By Leppy Pardalis
“I just can’t decide which will look better in rotten, slimy chunks on my compost heap next year,” said Preston civil servant Mr Bob Morgan as he tried to choose between a £40 palm and a £50 standard rose at his local garden centre today.
Mr Morgan and his IT specialist wife, Christine, are among millions of people who flock to garden centres every spring and summer in spite of knowing full well that they won’t be able to keep anything they buy alive for longer than a few weeks at best.
“Last May we splashed out on a £200 tree fern,” said Mrs Morgan, “and even though it belonged to an ancient species capable of surviving the ravages herds of hungry triceratops and stegosauruses, it was stone dead by the beginning of July.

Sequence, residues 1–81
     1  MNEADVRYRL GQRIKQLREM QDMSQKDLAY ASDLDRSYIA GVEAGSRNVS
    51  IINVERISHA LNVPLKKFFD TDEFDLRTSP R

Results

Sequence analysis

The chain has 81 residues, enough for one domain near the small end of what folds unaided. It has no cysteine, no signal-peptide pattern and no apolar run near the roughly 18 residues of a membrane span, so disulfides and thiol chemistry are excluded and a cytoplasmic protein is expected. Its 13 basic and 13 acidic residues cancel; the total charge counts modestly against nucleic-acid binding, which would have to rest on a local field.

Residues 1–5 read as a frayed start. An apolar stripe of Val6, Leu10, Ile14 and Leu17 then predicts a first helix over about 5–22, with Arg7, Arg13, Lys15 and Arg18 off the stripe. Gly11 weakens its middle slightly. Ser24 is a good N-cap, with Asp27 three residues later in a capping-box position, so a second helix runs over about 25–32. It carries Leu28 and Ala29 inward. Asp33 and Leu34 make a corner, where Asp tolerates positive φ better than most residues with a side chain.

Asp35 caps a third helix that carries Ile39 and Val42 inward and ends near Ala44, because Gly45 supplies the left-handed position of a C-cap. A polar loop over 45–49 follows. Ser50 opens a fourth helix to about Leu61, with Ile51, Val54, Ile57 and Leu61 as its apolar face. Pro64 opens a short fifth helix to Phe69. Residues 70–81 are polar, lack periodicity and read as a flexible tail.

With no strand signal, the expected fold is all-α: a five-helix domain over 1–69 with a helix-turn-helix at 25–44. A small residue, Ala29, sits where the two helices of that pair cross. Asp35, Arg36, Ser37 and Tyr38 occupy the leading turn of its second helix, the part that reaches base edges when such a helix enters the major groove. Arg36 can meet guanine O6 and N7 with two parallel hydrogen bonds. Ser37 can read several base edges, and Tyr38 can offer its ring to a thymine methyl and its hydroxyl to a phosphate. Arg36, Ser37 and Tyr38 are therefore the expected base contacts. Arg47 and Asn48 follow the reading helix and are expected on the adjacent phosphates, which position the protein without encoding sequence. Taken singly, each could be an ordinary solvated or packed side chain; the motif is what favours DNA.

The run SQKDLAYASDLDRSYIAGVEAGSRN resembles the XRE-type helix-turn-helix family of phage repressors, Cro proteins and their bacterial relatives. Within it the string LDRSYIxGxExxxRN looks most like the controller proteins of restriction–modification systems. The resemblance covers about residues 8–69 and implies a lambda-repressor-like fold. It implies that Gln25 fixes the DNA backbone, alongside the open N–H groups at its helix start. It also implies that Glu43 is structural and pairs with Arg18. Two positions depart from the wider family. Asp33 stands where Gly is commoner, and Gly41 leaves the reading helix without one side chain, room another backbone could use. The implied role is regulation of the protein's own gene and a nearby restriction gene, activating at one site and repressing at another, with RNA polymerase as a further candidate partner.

“Still, the fronds looked quite decorative among the potato peelings and grass cuttings on the compost heap, and maybe the things we buy this year will last a bit longer.
“Even if they don’t, our annual crop of scrubby lawn, bindweed, horse tails and that thing we can’t remember planting, but whose beans can be synthesised into ricin, never let us down.”
Also cheerful was Birmingham postmistress Ms Irene Thomas, who eyed a selection of apple trees and rhododendrons which visibly cowered away from her gaze as if begging in terror not to be chosen.
“The nearest thing I’ve had to green fingers was when I caught my hand in the till and three of them went septic,” she said, “but my compost heap is always lovely, even if I do say so myself.”
A spokesperson for the National Collective of Garden Centres said: “With everybody relieved that lockdown is over, business has never been better.
“Of course, not everybody has the space for a compost heap, but I’m glad to say we have an alternative just for them. It’s a smokeless mini-incinerator with some flowers painted on it and an aperture for feeding money into.”